Medication review for people living with frailty

Published: September 2021

This guide supports health professionals undertaking medication reviews with people living with frailty.

It highlights issues for frail older people within the framework of a standard comprehensive medication review.

This guide can be used within the emergency department and all hospital and community healthcare settings.

If a person living with frailty is considering surgery or other procedures, a targeted medication review is required. This may involve the proceduralist and anaesthetist.

For people from culturally and linguistically diverse backgrounds, use interpreters to establish goals, gather information and communicate the outcomes of the review directly with the person.

Align the medication review with the person's goals

  • Identify the objectives of the medication therapy by asking the person, ‘What matters to you?’
  • Establish realistic treatment objectives through shared decision making.
  • Consider all short and long-term, specific therapeutic and medication management goals.

  • Assess all diagnoses, geriatric syndromes, current and recent nutrition and physical activity.
  • Review a reconciled list of all current medications (including vitamins, supplements and immunisation history), considering overall risk of medication-related harm.
    • Number of medications (prescribed or non-prescribed).
    • Medication interactions with other medications, diseases, nutrients or geriatric syndromes.
    • Cumulative risk from specific medication combinations, for example anticholinergic and sedative medications, medications with similar side effects (such as nausea, vomiting, dry mouth, taste disturbances, altered bowel habits) and medications contributing to falls, sarcopenia, osteopenia, and reduced exercise tolerance.
    • Adherence to medicines, including use of devices, cost and accessibility, and reasons for non-adherence if present.
    • History of previous adverse medication reactions.

Review each medication on the person’s reconciled medication list

  • Is there a valid current indication?
    • Does it help the person achieve what matters to them?
    • Is it essential for symptom control or physiological replacement?
    • Is there enough time to benefit from preventative medications?
    • Is there a better non-pharmacological or pharmacological alternative?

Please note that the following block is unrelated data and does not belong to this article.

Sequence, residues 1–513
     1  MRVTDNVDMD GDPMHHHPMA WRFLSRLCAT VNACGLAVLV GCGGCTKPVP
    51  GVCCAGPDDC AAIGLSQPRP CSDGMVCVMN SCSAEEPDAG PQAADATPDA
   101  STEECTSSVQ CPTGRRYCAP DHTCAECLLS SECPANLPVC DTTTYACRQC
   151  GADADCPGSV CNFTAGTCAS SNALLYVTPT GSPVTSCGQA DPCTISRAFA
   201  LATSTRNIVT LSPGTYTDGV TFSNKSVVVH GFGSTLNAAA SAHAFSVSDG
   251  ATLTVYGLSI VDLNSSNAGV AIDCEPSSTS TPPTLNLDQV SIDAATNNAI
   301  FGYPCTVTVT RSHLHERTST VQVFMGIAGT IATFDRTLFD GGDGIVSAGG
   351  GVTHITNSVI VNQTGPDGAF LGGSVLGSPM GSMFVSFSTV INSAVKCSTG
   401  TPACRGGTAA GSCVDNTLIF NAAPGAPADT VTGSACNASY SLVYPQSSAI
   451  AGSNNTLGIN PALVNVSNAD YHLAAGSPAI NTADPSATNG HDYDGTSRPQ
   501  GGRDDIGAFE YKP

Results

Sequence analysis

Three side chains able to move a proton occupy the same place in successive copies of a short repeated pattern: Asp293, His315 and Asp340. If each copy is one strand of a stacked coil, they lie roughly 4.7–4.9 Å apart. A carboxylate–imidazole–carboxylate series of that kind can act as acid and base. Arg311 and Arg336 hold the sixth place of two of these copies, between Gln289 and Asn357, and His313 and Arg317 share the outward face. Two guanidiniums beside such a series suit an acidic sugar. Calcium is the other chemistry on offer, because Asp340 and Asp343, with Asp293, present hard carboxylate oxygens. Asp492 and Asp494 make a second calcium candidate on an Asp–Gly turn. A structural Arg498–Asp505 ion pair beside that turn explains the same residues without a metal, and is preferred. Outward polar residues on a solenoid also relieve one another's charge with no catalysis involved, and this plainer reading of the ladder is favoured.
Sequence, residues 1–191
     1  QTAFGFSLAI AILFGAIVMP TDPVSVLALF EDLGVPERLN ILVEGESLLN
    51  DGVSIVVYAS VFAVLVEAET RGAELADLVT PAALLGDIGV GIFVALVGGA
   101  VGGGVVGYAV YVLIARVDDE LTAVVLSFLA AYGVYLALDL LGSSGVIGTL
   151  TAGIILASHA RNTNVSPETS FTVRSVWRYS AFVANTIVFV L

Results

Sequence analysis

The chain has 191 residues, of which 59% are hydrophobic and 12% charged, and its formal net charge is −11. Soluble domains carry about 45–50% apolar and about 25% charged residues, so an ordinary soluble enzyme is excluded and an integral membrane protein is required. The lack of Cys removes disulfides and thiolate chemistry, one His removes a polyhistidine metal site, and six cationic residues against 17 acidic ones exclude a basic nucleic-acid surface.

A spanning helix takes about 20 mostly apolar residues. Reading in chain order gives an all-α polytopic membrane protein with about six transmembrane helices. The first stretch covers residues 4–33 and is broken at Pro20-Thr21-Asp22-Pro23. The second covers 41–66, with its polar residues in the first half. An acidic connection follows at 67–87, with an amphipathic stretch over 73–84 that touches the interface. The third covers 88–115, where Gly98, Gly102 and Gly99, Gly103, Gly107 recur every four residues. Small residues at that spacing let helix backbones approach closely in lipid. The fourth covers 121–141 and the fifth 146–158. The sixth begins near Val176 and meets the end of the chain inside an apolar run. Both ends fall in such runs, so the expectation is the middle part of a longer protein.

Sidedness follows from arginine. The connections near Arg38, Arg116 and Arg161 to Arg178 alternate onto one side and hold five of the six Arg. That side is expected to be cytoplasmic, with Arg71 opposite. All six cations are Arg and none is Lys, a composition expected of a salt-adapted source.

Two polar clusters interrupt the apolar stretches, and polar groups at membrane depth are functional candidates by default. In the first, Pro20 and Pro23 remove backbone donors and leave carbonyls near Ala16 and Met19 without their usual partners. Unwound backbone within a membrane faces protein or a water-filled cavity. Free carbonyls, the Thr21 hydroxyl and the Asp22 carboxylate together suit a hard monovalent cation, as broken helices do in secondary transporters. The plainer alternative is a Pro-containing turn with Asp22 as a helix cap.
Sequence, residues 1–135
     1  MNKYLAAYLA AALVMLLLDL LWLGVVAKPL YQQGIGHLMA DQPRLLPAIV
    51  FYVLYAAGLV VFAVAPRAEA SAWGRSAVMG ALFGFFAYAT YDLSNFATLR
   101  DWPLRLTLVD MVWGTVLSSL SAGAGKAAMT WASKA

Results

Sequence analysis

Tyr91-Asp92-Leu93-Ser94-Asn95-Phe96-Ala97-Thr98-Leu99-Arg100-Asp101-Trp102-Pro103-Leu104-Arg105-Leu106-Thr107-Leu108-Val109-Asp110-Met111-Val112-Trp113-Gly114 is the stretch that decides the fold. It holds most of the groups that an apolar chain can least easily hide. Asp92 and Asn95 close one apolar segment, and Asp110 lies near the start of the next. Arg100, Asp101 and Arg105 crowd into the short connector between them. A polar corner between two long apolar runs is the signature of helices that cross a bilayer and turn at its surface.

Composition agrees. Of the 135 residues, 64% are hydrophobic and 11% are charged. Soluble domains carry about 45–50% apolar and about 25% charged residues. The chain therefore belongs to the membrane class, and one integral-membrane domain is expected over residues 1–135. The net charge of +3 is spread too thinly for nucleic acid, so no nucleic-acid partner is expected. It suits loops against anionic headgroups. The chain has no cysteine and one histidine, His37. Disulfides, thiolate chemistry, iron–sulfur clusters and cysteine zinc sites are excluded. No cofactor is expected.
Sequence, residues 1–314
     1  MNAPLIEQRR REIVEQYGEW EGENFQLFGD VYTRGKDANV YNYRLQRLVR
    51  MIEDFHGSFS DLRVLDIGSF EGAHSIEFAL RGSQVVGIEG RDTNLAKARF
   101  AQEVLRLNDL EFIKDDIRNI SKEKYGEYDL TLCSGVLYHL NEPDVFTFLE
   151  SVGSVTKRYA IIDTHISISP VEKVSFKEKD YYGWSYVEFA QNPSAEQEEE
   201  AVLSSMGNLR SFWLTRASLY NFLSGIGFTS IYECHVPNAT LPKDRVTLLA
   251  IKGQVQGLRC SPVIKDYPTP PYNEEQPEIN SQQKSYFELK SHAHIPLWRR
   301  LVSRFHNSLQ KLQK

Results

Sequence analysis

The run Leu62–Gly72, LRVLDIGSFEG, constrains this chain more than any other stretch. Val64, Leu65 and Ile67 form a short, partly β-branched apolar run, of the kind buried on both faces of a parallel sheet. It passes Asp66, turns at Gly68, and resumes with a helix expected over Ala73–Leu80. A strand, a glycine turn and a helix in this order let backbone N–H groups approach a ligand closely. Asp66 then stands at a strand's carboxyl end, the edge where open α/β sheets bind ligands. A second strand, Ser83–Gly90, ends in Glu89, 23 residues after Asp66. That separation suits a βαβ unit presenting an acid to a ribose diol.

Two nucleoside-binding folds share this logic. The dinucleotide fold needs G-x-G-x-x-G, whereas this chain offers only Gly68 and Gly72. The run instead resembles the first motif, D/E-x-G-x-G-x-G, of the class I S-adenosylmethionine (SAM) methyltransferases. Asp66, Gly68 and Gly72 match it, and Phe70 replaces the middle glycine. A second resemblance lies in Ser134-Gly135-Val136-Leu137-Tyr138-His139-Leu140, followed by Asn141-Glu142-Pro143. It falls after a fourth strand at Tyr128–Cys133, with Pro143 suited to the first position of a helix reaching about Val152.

• Is the person achieving the desired therapeutic effect?
  • Is the person experiencing, or at high risk of, adverse effects?
  • Is the medication being used to treat an adverse effect of another medication?

Decide whether to continue or deprescribe each medication

  • If the medication should be continued, then:
    • review the dose, considering pharmacokinetic or pharmacodynamic changes in frailty
    • consider changes in dietary intake, supplements, or exercise to improve tolerability.
  • If the medication should be deprescribed, then plan to cease or wean it, with close monitoring.  Replace with non-pharmacological therapy, if warranted (for example exercise with anxiolytic, sedative hypnotic or antidepressant deprescribing).

Address potential undertreatment

  • Is there an untreated condition that may benefit from non-pharmacological treatment or a trial of medication to help the person achieve what matters to them?
  • Align the person’s problem list with the reconciled medication list.

Simplify overall regimen, optimise formulations, advise on adherence aids if required

  • Consider long-acting formulations.
  • Consider combination formulations.
  • Minimise total number of times for medication administration.
  • Think about the person’s ability to cut tablets and to swallow them.

Clearly communicate the outcomes to the relevant people, in writing and verbally

  • Relevant people are the person, caregivers and other healthcare providers (such as doctors, pharmacists, nurses and allied health professionals).
  • Where possible, adjust medications incrementally to assess effect of each change.
  • It is possible to make changes, more rapidly, with close clinical supervision. For example as an urgent response to adverse medication effects or after comprehensive review in hospital.
  • Ensure that relevant people involved in the person’s care understand the outcomes of the review, including:
    • changes made
    • reasons for changes
    • monitoring plans
    • follow-up appointments required.
  • Document the changes and subsequent outcomes, so the information is available to all healthcare providers involved in the person’s care.
  • Ensure that the person is willing and able to take medication therapy as intended. If adherence with medication therapy is an issue, then consider administration aides and/or supervision with medications.

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